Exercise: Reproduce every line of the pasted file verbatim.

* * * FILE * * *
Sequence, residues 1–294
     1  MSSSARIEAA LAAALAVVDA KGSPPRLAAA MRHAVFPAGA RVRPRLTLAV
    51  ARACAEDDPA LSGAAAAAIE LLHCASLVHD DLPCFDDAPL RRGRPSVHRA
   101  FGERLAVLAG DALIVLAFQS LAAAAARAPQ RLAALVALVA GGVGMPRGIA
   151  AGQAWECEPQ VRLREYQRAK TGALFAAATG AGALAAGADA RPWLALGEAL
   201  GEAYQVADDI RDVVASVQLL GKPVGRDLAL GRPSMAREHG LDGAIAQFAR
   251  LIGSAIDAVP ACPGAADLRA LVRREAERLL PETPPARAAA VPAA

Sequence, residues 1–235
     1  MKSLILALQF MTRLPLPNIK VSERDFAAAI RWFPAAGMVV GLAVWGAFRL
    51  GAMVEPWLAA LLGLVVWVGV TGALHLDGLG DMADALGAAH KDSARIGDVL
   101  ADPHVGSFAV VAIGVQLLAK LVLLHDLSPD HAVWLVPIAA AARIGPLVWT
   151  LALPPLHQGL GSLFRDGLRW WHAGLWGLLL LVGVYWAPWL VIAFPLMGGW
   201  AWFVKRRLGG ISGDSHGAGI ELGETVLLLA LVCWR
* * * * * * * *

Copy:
Sequence, residues 1–294
     1  MSSSARIEAA LAAALAVVDA KGSPPRLAAA MRHAVFPAGA RVRPRLTLAV
    51  ARACAEDDPA LSGAAAAAIE LLHCASLVHD DLPCFDDAPL RRGRPSVHRA
   101  FGERLAVLAG DALIVLAFQS LAAAAARAPQ RLAALVALVA GGVGMPRGIA
   151  AGQAWECEPQ VRLREYQRAK TGALFAAATG AGALAAGADA RPWLALGEAL
   201  GEAYQVADDI RDVVASVQLL GKPVGRDLAL GRPSMAREHG LDGAIAQFAR
   251  LIGSAIDAVP ACPGAADLRA LVRREAERLL PETPPARAAA VPAA

Sequence, residues 1–235
     1  MKSLILALQF MTRLPLPNIK VSERDFAAAI RWFPAAGMVV GLAVWGAFRL
    51  GAMVEPWLAA LLGLVVWVGV TGALHLDGLG DMADALGAAH KDSARIGDVL
   101  ADPHVGSFAV VAIGVQLLAK LVLLHDLSPD HAVWLVPIAA AARIGPLVWT
   151  LALPPLHQGL GSLFRDGLRW WHAGLWGLLL LVGVYWAPWL VIAFPLMGGW
   201  AWFVKRRLGG ISGDSHGAGI ELGETVLLLA LVCWR